Zero trust principles

Zero trust principles ensure verification of users (and their devices) and data security (via encryption) in different layers as shown in Fig. 1.

Fig. 1
figure1

Zero trust principles in the proposed model

The sender sends sensitive data to the intended receiver safely by going through the following three layers of security [32]:

  1. a.

    Login : This provides outermost layer of security which involves authentication of the sender using their login credentials like username and password via their end device, which in this case is the PC connected to the medical imaging device.

  2. b.

    Health Parameter Check : This is the second layer of security which involves checking the health parameter of the sender’s device before sending the data. This helps to detect whether the device is up to date on the latest security patches and precautions. This in turn ensures that the device has not been hacked or compromised.

  3. c.

    Encryption : This is the innermost layer of security which deals with data encryption. After the sender successfully passes the previous two layers, the data to be sent is encrypted with receiver’s public key- thus making it accessible only to the intended receiver possessing the key.

Again, the receiver will be able to access their data through a web page or app interface by undergoing the following security layers:

  1. a.

    Login : This provides the outermost layer of security which involves authentication of the receiver using their login credentials. However, this does not give them immediate access.

  2. b.

    2FA : This is the second layer of security which involves undergoing two factor authentication (2FA) in order to enter the system. An authentication app will generate a code, which they must also input in order to gain access. Thus attackers cannot easily access a person’s device or online account because knowing the victim’s password alone is not enough. Two-factor authentication adds this additional layer of security to the authentication process [33].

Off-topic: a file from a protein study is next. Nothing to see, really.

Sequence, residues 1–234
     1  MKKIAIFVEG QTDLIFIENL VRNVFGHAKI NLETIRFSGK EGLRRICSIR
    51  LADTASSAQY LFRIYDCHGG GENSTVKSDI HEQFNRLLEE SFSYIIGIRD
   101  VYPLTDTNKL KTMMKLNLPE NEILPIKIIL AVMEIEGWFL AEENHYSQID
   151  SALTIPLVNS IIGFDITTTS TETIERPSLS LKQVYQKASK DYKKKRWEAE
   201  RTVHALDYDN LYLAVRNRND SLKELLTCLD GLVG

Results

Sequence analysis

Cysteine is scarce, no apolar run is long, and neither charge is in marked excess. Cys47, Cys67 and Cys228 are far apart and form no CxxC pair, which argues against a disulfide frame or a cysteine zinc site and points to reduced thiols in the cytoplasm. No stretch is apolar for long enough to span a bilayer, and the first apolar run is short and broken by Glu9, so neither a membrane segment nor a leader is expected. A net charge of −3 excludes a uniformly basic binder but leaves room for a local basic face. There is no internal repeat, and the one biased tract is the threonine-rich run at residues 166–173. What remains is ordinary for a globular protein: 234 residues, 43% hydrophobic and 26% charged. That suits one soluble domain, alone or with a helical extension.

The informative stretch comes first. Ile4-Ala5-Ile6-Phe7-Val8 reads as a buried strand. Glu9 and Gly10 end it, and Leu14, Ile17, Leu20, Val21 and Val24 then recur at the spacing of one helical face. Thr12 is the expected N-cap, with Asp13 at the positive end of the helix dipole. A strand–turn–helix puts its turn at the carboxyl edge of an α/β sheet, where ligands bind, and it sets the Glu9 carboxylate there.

3. c.

    Decryption : This is the innermost layer of security which involves decryption of data. After completing the previous two steps,the receiver can view the encrypted data sent to them after decrypting it with their private key. Thus only the receiver can see their data.

Blockchain

Blockchain is used in the model primarily to keep a record of every transaction taking place. The smart contracts in blockchain help to enable role-based access control which allows individuals to perform activities they are given permission for. To increase scalability, only hash of the data is stored in blockchain while the actual data is stored off chain in IPFS (a distributed file system and storage platform). It is decentralized so there is no single point of failure, and all trust is not put on a single node [34]. Moreover, it has been found to be the most suitable for blockchain than any other off chain storage (Swarm, StorJ, CoAP) [35]. Transaction will take place between the sender and the receiver of data. Each block consists of hash of the previous block, address of the sender, address of the receiver, symmetric key, ipfshash (hash generated by IPFS when image is uploaded) as shown in Fig. 2.

Fig. 2
figure2

Block structure used in the proposed model